Mission from the margins

The renewal of churches requires shifts in the understanding of mission, writes the author. Illustration: Nina Ezhik/Shutterstock

“God chose what is foolish in the world to shame the wise; God chose what is weak in the world to shame the strong; God chose what is low and despised in the world, things that are not, to reduce to nothing things that are, so that no one might boast in the presence of God” (1 Corinthians 1:27–29).

Over the past few decades, there has been a profound change in the way that Christian churches understand and speak about mission, something long overdue. Among the churches of a Western cultural framework, mission was often distorted, even deformed, by the ideologies associated with colonial expansion of Euro-North American power and culture. Some of the consequences are horrific. Mission, in the colonial model, was viewed as the work of the church. Faith and resources were to be sent from a powerful and stable centre to what was viewed as humanity’s margins. Mission was often seen as “civilizing” peoples and taming the wilderness.

Today, there is a remarkable consensus among the churches that declares, in contrast to the colonial model, that it is God’s mission that truly matters in creation and history. God’s mission is the Holy Trinity’s unfolding plan for creation-wide salvation and renewal; the movement of God in history and creation, definitively revealed and actualized in Christ’s life, death and resurrection. The ongoing and unfolding life of the Living Word of God, animated and embodied by the Holy Spirit, is experienced in all times and places— moving creation towards the flourishing of life. The church’s task is to join, live and proclaim God’s mission, unveiling the inner realities that animate all that is. This is where truth, justice and love live and breathe. We are moving towards God’s ultimate reconciliation of all that is, in and through the Living Word of God.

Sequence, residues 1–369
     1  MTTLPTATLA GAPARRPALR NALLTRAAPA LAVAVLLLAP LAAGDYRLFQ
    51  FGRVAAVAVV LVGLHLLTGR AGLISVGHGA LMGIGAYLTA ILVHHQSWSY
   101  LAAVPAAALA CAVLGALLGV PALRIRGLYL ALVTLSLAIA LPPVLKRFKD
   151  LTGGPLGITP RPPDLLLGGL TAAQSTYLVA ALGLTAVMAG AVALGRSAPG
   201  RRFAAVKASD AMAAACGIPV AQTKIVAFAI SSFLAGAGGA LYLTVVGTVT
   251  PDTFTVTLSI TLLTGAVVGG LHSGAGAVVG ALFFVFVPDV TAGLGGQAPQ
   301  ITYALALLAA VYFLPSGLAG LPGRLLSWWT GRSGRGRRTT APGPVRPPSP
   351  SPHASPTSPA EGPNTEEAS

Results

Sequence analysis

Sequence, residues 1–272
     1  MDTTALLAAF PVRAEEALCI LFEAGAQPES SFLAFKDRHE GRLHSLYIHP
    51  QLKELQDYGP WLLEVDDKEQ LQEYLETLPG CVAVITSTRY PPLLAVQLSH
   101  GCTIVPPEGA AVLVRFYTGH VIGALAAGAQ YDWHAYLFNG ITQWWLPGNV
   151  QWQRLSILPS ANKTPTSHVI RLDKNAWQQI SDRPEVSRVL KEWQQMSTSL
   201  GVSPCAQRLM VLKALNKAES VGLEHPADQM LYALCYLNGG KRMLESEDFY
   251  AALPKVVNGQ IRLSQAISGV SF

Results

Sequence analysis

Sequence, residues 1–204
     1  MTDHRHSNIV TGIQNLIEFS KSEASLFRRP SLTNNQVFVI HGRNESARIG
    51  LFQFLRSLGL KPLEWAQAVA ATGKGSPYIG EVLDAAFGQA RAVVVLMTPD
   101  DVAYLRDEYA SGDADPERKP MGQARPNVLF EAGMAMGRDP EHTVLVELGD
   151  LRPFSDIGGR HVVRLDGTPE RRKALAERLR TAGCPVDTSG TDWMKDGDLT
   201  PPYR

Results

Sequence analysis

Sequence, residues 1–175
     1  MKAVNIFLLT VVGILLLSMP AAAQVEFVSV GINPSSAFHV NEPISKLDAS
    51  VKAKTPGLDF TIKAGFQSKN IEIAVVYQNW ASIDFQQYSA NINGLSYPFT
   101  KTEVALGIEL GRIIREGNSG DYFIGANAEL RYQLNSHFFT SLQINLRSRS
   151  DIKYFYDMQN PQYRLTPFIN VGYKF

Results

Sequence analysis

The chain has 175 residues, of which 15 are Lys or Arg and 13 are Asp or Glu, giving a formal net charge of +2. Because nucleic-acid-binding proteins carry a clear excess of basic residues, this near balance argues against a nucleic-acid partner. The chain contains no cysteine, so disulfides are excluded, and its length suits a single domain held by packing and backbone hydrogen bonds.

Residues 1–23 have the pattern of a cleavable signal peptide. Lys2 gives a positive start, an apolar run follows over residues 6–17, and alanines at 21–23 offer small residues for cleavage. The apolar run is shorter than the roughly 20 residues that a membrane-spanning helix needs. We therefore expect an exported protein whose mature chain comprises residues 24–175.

Accompanied by the emphasis on God’s mission is the emerging concept of “mission from the margins.” (See the document of the Commission on World Mission and Evangelism of the World Council of Churches, Together towards Life.) Mission from the margins is the recovery of a prominent theme of Scripture and the early church.

This recovery suggests an essential shift in the thinking and practice of the Christian churches. Instead of mission from the centre to the margins, mission is proceeding from the margins; those on the margins are the vital and essential agents of mission. Further, the margins are the vibrant centre of God’s presence and work in the world. We have seen this, in so many ways, in the recent history of the churches around the world.

The shift of the spiritual and demographic centre of the church, from Europe and North America, is only one part of the multi-sided change in the life of the church universal. These two shifts in the understanding of mission provide a prophetic challenge to the established churches of a Western cultural framework.

The challenge calls all who bear the name Christian to listen carefully to what God is saying to us from the margins. The renewal of the churches is certainly related, in a fundamental and primary way, to this discernment of God’s voice.

Mark MacDonald

______________________________________________________________
Anglican Journal News, May 15, 2018

Leave a Reply

Your email address will not be published. Required fields are marked *